East River Waterfront group takes shape News

| 04 Aug 2015 | 02:04

The South Street Initiative, which began last fall as a gaggle of civic-minded New Yorkers concerned about the future of the East River waterfront, is now set to incorporate as the South Street East River Community Development Corporation.

Victor Papa, who as president of the Two Bridges Neighborhood Association is spearheading the initiative, said there are no drawbacks to organizing as a non-profit community development corporation, and that the model actually allows the organization to initiate economic development projects and makes it easier for the organization to receive government funding.

The move comes after a series of meetings with community leaders and -- more recently -- city officials, including Deputy Mayor for Housing and Economic Development Alicia Glen. The initiative is now pushing for a meeting with the city’s Economic Development Corporation, where, according to Papa, they’ll ask the agency for control over rent revenue earned from city-owned space along the East River, such as Basketball City, which is located on a pier owned by the Dept. of Small Business Services.

“We’re not asking to take away city funding, we’re actually participating in the improvement of the waterfront,” said Papa. “Which is actually the city’s responsibility, but we want to do it. We want to involve residents.”

Although the South Street Initiative began in 2012 as a series of discussions between Papa and other community stakeholders and organizations, they held their inaugural meeting less than a year ago in September 2014.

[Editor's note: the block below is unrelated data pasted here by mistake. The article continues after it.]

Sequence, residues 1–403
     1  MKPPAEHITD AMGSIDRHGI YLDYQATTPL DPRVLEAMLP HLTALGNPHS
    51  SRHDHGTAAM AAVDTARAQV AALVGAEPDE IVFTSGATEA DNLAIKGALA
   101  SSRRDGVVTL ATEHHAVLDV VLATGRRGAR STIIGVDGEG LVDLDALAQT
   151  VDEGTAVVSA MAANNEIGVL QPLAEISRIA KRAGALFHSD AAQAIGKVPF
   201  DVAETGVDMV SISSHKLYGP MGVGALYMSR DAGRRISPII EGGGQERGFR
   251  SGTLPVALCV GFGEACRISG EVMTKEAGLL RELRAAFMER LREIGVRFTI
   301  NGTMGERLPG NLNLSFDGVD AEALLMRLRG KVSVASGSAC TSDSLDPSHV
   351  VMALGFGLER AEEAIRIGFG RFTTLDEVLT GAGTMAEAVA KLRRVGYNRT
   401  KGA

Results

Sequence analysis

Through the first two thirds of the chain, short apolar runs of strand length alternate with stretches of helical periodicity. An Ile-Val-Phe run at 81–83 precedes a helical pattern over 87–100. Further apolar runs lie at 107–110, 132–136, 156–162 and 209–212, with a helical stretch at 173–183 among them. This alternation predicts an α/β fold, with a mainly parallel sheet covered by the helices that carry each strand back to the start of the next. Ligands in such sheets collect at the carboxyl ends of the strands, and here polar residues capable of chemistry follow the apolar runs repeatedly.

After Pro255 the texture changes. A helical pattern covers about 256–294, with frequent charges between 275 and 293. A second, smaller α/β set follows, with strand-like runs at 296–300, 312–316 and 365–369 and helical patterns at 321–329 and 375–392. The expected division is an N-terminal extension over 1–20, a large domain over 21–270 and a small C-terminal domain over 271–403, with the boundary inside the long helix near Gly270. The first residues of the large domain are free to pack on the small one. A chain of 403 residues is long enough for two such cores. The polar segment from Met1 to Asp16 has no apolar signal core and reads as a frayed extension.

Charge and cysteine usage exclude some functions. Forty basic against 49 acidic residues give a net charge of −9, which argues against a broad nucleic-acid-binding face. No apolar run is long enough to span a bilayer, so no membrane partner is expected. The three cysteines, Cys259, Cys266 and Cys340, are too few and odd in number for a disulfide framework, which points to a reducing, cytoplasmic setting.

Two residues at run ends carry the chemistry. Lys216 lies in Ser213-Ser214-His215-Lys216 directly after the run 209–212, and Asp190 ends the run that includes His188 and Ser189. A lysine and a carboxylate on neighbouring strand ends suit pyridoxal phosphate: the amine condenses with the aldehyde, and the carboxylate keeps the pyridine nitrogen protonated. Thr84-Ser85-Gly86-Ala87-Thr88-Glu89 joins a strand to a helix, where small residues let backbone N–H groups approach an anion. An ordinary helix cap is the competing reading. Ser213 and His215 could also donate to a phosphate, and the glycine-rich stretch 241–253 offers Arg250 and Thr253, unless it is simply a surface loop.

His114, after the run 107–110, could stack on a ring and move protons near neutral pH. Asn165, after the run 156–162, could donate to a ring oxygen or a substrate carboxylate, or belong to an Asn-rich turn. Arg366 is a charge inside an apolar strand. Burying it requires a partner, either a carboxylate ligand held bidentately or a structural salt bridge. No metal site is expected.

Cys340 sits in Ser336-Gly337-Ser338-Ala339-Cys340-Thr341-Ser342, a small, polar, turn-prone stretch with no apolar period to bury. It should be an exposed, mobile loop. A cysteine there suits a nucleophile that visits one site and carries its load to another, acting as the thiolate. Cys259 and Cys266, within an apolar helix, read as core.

In the short term, the initiative is asking residents of the East River waterfront to sign a letter of support, the gist of which is that soon-to-be-christened South Street East River CDC is the vehicle by which the East River will be rejuvenated and rendered equitable for all residents.

According to a draft of the letter provided to this newspaper, the new organization will create a single, fair and comprehensive plan to coordinate land use, planning and development along the waterfront. That plan will include resiliency measures and green infrastructure, and foster small business incubation while establishing open space and properly stewarding publicly-owned facilities for maximum use by the entire community.

The ultimate goal, said Papa, is to unite the Lower East Side with other waterfront communities below the Brooklyn Bridge, which he characterized as an artificial boundary.

Such an undertaking requires uniting a wide array of economic and commercial interests, from the Howard Hughes Corporation’s redevelopment of the South Street Seaport and Extell’s massive 250 South Street project to low income residents in the various public housing developments that dot the Lower East Side.

“What we have undertaken is a task that’s not easy to do,” said Papa. “There are different conversations that have to happen.”

Papa said that at a recent community meeting, a resident of Two Bridges urged the organization not to improve the waterfront, because doing so would invite gentrification.

“And there’s a certain truth to that,” said Papa. “The initiative’s role would be to give everyone a voice in that conversation, and insure that whatever improvements are made to the waterfront are for the equal benefit of everyone.”